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Stressed mycobacteria use the chaperone ClpB to sequester irreversibly oxidized proteins asymmetrically within and between cells.

TitleStressed mycobacteria use the chaperone ClpB to sequester irreversibly oxidized proteins asymmetrically within and between cells.
Publication TypeJournal Article
Year of Publication2015
AuthorsVaubourgeix J, Lin G, Dhar N, Chenouard N, Jiang X, Botella H, Lupoli T, Mariani O, Yang G, Ouerfelli O, Unser M, Schnappinger D, McKinney J, Nathan C
JournalCell Host Microbe
Volume17
Issue2
Pagination178-90
Date Published2015 Feb 11
ISSN1934-6069
KeywordsAnimals, Anti-Bacterial Agents, Bacterial Proteins, Endopeptidase Clp, Mice, Microbial Viability, Mycobacterium tuberculosis, Oxidants, Oxidation-Reduction, Oxidative Stress, Protein Aggregates, Protein Multimerization, Protein Processing, Post-Translational, Protein Transport
Abstract

Mycobacterium tuberculosis (Mtb) defends itself against host immunity and chemotherapy at several levels, including the repair or degradation of irreversibly oxidized proteins (IOPs). To investigate how Mtb deals with IOPs that can neither be repaired nor degraded, we used new chemical and biochemical probes and improved image analysis algorithms for time-lapse microscopy to reveal a defense against stationary phase stress, oxidants, and antibiotics--the sequestration of IOPs into aggregates in association with the chaperone ClpB, followed by the asymmetric distribution of aggregates within bacteria and between their progeny. Progeny born with minimal IOPs grew faster and better survived a subsequent antibiotic stress than their IOP-burdened sibs. ClpB-deficient Mtb had a marked recovery defect from stationary phase or antibiotic exposure and survived poorly in mice. Treatment of tuberculosis might be assisted by drugs that cripple the pathway by which Mtb buffers, sequesters, and asymmetrically distributes IOPs.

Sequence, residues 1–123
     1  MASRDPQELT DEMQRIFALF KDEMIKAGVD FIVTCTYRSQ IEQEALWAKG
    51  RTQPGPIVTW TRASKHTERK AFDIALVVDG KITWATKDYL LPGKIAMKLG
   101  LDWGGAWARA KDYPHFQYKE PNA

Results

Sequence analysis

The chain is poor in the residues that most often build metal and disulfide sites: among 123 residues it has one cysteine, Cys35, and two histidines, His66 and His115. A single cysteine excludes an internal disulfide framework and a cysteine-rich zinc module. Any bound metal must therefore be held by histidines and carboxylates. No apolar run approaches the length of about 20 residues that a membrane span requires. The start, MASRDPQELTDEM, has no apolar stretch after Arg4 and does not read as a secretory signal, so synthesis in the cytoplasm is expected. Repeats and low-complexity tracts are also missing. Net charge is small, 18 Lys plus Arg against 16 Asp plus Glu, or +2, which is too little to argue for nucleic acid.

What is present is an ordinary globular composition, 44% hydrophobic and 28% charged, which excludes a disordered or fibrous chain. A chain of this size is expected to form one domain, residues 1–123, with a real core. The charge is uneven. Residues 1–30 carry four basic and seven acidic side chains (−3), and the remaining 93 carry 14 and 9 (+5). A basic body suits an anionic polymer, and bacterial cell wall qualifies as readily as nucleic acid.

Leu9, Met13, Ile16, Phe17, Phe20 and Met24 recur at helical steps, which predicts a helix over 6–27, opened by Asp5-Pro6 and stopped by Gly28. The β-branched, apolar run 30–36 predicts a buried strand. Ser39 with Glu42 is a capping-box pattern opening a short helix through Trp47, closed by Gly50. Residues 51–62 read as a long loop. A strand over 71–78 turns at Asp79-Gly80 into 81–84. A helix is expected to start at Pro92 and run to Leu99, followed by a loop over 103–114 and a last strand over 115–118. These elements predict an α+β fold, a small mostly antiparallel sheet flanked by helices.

DOI10.1016/j.chom.2014.12.008
Alternate JournalCell Host Microbe
PubMed ID25620549
PubMed Central IDPMC5707119
Grant ListP30 CA008748 / CA / NCI NIH HHS / United States
P30 CA008748-48 / CA / NCI NIH HHS / United States
R01 A1064768-09 / / PHS HHS / United States

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